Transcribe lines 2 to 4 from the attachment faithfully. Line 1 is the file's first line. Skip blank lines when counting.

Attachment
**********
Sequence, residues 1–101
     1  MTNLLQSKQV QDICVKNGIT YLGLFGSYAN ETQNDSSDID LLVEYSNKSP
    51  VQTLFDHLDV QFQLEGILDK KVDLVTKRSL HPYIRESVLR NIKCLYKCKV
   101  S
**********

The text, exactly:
     1  MTNLLQSKQV QDICVKNGIT YLGLFGSYAN ETQNDSSDID LLVEYSNKSP
    51  VQTLFDHLDV QFQLEGILDK KVDLVTKRSL HPYIRESVLR NIKCLYKCKV
   101  S